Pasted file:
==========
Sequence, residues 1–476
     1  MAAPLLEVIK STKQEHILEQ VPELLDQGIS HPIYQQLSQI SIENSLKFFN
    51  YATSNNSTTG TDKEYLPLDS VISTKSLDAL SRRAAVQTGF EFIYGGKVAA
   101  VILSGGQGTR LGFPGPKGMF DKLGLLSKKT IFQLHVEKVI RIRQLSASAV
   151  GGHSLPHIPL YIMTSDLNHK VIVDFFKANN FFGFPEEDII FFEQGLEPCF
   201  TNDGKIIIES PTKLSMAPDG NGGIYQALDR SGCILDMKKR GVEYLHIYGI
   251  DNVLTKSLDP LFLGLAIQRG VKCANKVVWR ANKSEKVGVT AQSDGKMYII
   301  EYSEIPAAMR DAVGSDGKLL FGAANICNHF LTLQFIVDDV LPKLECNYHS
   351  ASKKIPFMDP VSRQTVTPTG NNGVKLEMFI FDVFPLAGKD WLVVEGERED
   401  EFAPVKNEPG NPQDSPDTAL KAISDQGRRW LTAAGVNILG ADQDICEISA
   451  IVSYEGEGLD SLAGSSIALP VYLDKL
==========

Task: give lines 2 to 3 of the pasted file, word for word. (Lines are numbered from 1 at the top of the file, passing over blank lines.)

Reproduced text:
     1  MAAPLLEVIK STKQEHILEQ VPELLDQGIS HPIYQQLSQI SIENSLKFFN
    51  YATSNNSTTG TDKEYLPLDS VISTKSLDAL SRRAAVQTGF EFIYGGKVAA